Emmanuel Macron ‘dangerously weakened’ as fears of election disaster grow

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The French President is splitting opinion ahead of the 2022 French elections, in which he will once again face off with far right candidate Marine Le Pen. Mr Macron has sought to pass new security bills in the country, aimed at stopping extremism, however they have led to huge protests. Many have claimed that Mr Macron is drifting towards the right in an attempt to avoid electoral disaster, a move perhaps inspired by his party’s disappointing performance in last May’s local elections. La Republique En Marche! was defeated in the Paris mayor’s race and Green Party candidates won in several other major cities, turning French local elections into a warning for the President.

An official inside the party: “He wasn’t liked. Neither by the public, nor by party members.

“The time has come when you have to say it like it is.”

On top of this, a minister said: “We’ve done almost everything we shouldn’t have done. It could end up as a handy guide: ‘How to lose an election’.”

In areas where En Marche! had previously succeeded, the Green Party surged – taking about 49 percent in a three-way race. Macron-backed Agnes Buzyn languished in third with about 13 percent, behind conservative candidate Rachida Dati.

Government spokeswoman Sibeth Ndiaye called the results a “disappointment,” partly blaming “internal divisions” within Mr Macron’s party.

The vote plunged the future of French Prime Minister Edouard Philippe into uncertainty, leading to his resignation.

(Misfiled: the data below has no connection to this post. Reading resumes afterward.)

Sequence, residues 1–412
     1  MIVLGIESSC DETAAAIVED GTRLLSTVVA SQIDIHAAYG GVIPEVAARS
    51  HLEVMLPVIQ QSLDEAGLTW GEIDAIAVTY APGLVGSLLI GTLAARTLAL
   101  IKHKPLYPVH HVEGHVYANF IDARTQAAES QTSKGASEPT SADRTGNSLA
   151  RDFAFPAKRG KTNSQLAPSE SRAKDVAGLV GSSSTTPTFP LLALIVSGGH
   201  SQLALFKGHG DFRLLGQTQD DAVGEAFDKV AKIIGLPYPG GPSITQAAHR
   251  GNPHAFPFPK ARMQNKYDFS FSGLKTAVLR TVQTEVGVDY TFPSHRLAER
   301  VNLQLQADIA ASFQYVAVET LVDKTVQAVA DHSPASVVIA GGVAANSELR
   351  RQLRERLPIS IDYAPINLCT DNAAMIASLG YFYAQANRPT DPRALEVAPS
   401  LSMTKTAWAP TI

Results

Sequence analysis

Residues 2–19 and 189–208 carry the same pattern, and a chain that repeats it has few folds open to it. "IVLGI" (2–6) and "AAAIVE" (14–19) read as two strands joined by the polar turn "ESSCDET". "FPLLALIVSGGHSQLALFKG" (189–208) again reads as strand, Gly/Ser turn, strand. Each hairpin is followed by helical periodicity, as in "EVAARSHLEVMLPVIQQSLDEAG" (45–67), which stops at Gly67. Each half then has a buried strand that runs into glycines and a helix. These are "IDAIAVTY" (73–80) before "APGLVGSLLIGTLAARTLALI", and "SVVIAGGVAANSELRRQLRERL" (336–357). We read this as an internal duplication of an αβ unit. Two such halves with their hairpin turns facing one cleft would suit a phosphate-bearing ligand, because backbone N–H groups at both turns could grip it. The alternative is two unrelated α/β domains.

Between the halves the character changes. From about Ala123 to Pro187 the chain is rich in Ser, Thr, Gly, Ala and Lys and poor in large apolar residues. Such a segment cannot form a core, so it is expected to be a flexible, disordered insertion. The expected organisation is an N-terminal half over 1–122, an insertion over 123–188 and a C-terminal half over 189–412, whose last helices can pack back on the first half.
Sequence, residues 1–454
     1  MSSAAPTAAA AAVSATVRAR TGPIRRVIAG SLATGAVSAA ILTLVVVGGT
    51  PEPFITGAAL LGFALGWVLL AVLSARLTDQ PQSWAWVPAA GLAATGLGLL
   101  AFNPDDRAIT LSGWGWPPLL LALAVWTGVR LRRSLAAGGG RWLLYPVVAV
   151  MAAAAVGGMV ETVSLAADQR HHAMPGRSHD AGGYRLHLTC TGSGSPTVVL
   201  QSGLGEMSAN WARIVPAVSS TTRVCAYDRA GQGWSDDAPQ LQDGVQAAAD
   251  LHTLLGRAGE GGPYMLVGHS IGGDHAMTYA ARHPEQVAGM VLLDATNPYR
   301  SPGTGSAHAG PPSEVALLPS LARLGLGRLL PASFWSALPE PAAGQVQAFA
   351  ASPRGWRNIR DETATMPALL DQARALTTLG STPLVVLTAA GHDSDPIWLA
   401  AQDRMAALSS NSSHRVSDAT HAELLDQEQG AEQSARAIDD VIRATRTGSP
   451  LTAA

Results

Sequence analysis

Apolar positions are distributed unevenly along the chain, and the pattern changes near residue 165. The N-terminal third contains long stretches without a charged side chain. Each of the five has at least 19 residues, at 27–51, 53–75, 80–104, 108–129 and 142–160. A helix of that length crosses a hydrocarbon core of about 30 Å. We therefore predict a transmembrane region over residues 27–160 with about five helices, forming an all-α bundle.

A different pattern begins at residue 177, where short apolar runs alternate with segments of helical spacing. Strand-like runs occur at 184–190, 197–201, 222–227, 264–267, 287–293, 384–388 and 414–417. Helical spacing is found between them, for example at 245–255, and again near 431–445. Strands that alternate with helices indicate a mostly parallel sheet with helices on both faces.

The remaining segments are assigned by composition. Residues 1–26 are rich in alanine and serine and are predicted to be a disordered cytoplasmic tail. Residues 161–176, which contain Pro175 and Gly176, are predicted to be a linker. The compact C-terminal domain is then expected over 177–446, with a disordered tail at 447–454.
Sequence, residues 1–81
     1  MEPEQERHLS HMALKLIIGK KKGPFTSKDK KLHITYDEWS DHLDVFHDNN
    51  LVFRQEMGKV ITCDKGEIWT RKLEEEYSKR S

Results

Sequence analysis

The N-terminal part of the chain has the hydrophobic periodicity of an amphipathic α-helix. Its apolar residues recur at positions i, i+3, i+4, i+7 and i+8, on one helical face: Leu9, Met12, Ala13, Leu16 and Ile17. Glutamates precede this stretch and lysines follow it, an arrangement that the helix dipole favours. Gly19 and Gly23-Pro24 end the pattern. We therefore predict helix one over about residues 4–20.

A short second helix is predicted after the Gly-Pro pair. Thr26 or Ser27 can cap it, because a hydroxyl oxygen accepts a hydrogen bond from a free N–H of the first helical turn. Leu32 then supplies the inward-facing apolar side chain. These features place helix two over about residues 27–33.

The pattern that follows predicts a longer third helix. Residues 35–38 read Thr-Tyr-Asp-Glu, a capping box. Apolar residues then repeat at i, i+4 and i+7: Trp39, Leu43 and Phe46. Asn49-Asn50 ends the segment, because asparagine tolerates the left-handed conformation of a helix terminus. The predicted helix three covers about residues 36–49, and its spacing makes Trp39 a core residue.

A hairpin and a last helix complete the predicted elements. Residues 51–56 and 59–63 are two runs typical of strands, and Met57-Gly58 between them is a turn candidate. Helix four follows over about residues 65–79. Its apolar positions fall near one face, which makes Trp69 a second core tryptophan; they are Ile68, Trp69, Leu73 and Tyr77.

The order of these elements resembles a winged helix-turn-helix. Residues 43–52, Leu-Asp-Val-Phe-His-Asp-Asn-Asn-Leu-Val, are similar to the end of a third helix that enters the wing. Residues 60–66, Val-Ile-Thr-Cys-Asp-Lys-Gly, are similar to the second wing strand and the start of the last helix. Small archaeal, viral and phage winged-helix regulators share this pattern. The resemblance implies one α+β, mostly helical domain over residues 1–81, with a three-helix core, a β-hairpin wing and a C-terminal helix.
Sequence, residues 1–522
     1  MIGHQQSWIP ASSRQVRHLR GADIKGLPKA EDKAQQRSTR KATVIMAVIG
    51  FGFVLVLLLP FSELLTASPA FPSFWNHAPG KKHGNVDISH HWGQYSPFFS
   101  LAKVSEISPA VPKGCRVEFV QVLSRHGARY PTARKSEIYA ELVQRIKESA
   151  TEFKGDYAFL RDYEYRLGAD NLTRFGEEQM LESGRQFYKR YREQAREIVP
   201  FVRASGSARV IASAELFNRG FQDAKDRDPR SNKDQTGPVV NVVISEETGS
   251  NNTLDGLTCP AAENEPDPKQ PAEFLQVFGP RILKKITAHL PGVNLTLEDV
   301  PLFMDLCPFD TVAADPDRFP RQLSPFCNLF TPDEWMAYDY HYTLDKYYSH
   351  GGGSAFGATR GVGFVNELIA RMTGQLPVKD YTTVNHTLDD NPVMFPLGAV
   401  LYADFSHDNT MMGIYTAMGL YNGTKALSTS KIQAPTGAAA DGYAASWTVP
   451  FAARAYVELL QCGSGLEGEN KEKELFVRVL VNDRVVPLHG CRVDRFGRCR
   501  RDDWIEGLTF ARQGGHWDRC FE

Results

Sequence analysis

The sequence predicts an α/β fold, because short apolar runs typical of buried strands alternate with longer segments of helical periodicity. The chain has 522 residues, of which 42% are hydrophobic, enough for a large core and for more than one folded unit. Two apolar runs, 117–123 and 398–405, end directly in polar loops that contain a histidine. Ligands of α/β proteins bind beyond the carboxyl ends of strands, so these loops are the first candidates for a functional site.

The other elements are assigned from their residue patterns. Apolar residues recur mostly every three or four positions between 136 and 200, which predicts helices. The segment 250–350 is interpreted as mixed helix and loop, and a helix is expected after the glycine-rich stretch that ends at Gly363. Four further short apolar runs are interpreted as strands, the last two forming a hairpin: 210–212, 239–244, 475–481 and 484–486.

The defeat also led to speculation in the French press over Mr Macron’s future.

Left-wing publication Le Nouvel Observateur du Monde said that Mr Macron was “dangerously weakened” amid growing dissent in his party.

They said: “The President is starting the new phase of deconfinement with fear in his heart, because the situation has become threatening.

“First of all there is the sudden emergence of a group of LREM dissenters in the National Assembly, reminiscent of the chaotic end of the presidency of François Hollande, who at the time was considered weakened because of a handful of unruly leftists.

“Will that scenario repeat itself today? … [The split in the party] points to a decomposition of the political landscape in the coming months, without the President being able to soften even the slightest shocks. He could hardly be more vulnerable.”

Le Point compared the division in Mr Macron’s party with the dissent in the socialist party in France – preceding the downfall of former President Francois Hollande.

Last February, Bruno Bonnell, a member of the French Assembly and En Marche! ally, claimed people in France and Mr Macron’s party “literally hate” the President and even hinted at electoral losses in 2022.

He said that this feeling had been transferred to En Marche! candidates, the Financial Times reported.

Mr Bonnell said: “The biggest risk is that while we would have Macron leading the country in 2022, it would be with a completely different make-up of the National Assembly and the Senate.

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“But that is the price to be paid for the development of democracy.”

Some in the party fear that they will suffer defeat to Ms Le Pen’s National Rally next year.

A poll conducted online by Harris Interactive and published three weeks ago showed that if a final-round presidential runoff were held today, Ms Le Pen would garner 48 percent while Macron would be re-elected with 52 percent.

This is a record high for the nationalist figurehead, meaning 2022 could be the closest election in years.

Academic and journalist Paul Taylor highlighted how Mr Macron’s economic woes during the coronavirus pandemic could cost him the presidency in 2022.

In fact, he claimed in his article for Politico late last year that the French President “will need an economic miracle, and a lot of luck with the pandemic, to keep his crown”.

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